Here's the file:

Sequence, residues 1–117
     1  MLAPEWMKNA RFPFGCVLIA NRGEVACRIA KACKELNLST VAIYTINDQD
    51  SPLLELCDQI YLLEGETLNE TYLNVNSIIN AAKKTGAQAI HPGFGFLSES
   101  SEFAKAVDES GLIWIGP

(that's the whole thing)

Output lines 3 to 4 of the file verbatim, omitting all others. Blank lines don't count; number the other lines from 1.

    51  SPLLELCDQI YLLEGETLNE TYLNVNSIIN AAKKTGAQAI HPGFGFLSES
   101  SEFAKAVDES GLIWIGP